By Sam Fossum, Kathleen Magramo and Kevin Liptak, CNN
President Joe Biden welcomed President Ferdinand Marcos Jr. of the Philippines to the White House on Monday as part of continued efforts to strengthen security and economic relations in the region amid concerns over an increasingly assertive China.
Sitting in the Oval Office at the start of their talks, Biden said the US “remains ironclad in our commitment to the defense of the Philippines, including the South China Sea.”
“We’re going to continue to support the Philippines military’s modernization goals,” Biden told the visiting leader, pledging the two nations “not only share a strong partnership — we share a deep friendship, one that has been enriched by millions of Filipino Americans in the communities all across the United States.”
Speaking afterward, Marcos told Biden their two countries must “find ways to strengthen our alliances and partnership,” saying ongoing tensions in Asia make for the world’s most complicated geopolitical situation.
The meeting was a show of solidarity meant as a message to China that America remains committed to its allies in the neighborhood. A 1951 mutual defense treaty between the US and the Philippines — the oldest such US pact in the Asia-Pacific — stipulates both sides would help defend each other if either were attacked by a third party.
The invitation to the White House was also a sign of Biden’s intent on reestablishing strong ties with Manila after they had frayed under former President Rodrigo Duterte, who sought closer relations with China.
A White House fact sheet released Monday described new steps and initiatives the two allies are committing to, including a new set of bilateral defense guidelines to strengthen the alliance and the transfer of US hardware — including three C-130 aircraft and additional coastal patrol vessels — to support efforts to modernize Manila’s armed forces.
Other initiatives include a US trade mission to the Philippines later this year and $3 billion in public and private financing to buttress infrastructure for critical minerals, according to the fact sheet.
Marcos’ visit caps a busy month in bilateral engagements as defense ties between the two nations have expanded, raising alarms in Beijing. Thousands of American and Filipino troops have taken part in joint exercises over the past three weeks. And the US recently hosted two top diplomats from the Philippines for talks during which both sides agreed to complete a roadmap for Washington to provide security assistance to its regional ally over the next five to 10 years.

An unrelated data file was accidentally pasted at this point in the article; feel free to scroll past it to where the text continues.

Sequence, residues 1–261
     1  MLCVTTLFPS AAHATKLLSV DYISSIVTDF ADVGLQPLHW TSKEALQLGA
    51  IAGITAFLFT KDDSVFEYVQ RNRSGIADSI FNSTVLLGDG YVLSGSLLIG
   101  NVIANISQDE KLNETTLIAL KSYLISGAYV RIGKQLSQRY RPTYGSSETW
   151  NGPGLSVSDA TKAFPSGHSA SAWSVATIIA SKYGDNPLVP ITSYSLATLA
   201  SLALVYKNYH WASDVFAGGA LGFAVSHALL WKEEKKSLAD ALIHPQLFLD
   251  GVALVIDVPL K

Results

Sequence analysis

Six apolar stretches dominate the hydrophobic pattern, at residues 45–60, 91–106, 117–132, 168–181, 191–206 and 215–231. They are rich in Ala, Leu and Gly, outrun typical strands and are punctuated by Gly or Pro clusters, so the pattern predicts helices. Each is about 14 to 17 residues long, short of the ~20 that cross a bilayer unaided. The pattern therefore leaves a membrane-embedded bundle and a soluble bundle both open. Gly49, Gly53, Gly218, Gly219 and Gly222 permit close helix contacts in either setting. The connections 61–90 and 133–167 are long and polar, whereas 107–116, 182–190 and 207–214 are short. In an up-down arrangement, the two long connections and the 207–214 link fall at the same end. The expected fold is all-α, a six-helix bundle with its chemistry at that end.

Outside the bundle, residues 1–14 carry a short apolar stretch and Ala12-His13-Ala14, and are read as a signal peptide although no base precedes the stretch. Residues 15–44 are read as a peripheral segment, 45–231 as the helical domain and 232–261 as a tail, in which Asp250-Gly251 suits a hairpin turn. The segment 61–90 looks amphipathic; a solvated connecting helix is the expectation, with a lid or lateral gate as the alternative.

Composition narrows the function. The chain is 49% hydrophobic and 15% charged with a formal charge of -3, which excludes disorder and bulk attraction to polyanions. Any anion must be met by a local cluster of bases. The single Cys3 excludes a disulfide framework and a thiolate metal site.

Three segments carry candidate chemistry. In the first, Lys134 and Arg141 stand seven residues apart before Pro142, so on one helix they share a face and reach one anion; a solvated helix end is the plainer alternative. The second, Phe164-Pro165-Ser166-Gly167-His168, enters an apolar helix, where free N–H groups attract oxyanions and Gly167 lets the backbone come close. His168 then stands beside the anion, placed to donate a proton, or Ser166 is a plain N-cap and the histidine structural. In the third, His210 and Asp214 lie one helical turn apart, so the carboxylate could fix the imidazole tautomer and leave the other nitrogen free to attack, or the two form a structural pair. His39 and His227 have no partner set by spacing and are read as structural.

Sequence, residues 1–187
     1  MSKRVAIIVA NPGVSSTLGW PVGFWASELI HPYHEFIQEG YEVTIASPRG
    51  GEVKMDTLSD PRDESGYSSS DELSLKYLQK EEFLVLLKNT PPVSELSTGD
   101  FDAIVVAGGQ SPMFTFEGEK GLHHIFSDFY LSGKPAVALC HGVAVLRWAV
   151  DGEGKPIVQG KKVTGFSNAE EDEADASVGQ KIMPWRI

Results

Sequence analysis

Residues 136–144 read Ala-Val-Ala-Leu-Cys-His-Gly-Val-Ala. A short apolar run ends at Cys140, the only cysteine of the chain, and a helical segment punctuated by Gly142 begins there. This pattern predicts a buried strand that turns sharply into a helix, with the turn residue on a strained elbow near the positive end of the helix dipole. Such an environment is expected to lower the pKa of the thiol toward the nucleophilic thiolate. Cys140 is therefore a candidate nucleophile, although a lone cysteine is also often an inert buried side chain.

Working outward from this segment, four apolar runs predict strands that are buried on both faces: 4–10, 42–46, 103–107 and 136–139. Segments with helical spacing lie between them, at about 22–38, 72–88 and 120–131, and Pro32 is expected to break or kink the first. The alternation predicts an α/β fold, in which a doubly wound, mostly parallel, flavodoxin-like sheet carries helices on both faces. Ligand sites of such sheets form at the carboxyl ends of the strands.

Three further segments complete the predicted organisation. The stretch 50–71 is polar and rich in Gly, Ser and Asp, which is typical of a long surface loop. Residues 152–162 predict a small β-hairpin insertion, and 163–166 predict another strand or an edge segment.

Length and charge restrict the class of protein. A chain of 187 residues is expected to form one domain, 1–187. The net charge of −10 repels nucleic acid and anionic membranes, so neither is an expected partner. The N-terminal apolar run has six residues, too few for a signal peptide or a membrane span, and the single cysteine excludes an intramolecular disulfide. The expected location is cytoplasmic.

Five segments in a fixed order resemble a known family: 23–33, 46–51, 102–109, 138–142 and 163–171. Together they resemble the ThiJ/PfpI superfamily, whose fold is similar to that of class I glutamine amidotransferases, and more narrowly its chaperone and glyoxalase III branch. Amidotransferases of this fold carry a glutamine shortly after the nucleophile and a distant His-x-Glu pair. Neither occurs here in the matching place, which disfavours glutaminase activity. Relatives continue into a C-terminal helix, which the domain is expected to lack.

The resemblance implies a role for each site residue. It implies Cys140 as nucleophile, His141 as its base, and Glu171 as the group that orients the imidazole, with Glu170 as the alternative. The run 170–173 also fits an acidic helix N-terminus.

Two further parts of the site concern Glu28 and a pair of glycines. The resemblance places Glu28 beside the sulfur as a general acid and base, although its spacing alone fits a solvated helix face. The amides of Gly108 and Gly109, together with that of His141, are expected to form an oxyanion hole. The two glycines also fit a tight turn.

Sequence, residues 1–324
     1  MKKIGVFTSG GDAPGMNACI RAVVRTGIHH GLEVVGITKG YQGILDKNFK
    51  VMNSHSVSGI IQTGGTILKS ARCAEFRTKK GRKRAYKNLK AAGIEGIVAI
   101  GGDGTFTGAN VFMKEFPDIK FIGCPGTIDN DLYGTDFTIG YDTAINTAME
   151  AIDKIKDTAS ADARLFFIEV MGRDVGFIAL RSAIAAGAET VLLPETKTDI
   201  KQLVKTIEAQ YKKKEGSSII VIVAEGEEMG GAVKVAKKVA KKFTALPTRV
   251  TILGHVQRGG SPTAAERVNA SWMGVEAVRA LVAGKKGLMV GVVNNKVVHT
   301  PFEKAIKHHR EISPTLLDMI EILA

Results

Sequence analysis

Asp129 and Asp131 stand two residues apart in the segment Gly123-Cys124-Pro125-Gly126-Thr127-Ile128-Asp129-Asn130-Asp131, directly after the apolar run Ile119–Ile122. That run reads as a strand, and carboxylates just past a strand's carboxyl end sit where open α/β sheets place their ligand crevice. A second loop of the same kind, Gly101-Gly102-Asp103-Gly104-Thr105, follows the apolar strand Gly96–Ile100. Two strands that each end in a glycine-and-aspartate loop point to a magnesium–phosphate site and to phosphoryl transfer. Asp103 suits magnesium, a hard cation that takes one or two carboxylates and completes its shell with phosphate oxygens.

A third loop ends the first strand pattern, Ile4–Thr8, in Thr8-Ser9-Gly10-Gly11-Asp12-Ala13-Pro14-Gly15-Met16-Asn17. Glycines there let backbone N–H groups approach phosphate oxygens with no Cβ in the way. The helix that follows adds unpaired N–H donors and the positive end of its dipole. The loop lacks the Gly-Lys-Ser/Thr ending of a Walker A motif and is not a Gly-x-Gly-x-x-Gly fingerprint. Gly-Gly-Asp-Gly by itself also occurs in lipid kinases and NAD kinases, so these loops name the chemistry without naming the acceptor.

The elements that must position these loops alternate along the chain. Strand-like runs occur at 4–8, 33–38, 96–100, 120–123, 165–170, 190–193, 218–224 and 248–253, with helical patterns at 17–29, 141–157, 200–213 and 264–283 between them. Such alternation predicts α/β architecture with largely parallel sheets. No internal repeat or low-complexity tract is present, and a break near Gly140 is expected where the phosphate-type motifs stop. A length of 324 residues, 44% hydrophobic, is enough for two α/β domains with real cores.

Last year, the US granted $100 million to boost the Southeast Asian country’s defense capabilities and military modernization. It also plans to allocate $100 million for the improvement of military bases to which the US has access under the 2014 Enhanced Defense Cooperation Agreement, or EDCA.
In February, the Philippines granted new rights to the US military to add four bases to the five originally covered under the EDCA. The new facilities include three on the main island of Luzon, close to Taiwan, and one in Palawan province in the South China Sea.
China, which remains one of the Philippines’ top trading partners, has grown increasingly outspoken about the burgeoning US-Filipino defense ties.
Beijing’s ambassador in Manila, Huang Xilian, accused the Philippines last month of “stoking the fire” of regional tensions by offering expanded military base access to the US, saying that the goal was to interfere in China’s affairs with Taiwan.
China’s ruling Communist Party has never controlled Taiwan but claims the self-ruled island democracy as its own and has repeatedly refused to rule out taking it by force — a threat that Manila perceives as reason to ramp up its guard with help from Washington.
A spokesperson for Marcos’ National Security Council responded to Huang’s remarks by saying that “the Philippines has no intention of interfering in the Taiwan issue.”
Marcos, who is known almost universally in the Philippines by the nickname Bongbong, is the son of longtime dictator Ferdinand Marcos Sr., whose regime was supported by the United States. As senator, Biden was outspoken in opposition to the American backing of Marcos Sr.
This story has been updated with additional developments.
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CNN’s Brad Lendon and Shawna Mizelle contributed to this report.